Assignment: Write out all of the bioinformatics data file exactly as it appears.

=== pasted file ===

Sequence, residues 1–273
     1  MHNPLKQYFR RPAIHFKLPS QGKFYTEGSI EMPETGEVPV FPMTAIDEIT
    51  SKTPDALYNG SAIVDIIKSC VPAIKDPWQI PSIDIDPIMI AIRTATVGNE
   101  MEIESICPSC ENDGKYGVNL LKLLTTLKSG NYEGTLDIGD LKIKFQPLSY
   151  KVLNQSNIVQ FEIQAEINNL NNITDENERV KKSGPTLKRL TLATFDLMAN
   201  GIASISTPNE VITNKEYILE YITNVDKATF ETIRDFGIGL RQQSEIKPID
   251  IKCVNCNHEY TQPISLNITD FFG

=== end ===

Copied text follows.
Sequence, residues 1–273
     1  MHNPLKQYFR RPAIHFKLPS QGKFYTEGSI EMPETGEVPV FPMTAIDEIT
    51  SKTPDALYNG SAIVDIIKSC VPAIKDPWQI PSIDIDPIMI AIRTATVGNE
   101  MEIESICPSC ENDGKYGVNL LKLLTTLKSG NYEGTLDIGD LKIKFQPLSY
   151  KVLNQSNIVQ FEIQAEINNL NNITDENERV KKSGPTLKRL TLATFDLMAN
   201  GIASISTPNE VITNKEYILE YITNVDKATF ETIRDFGIGL RQQSEIKPID
   251  IKCVNCNHEY TQPISLNITD FFG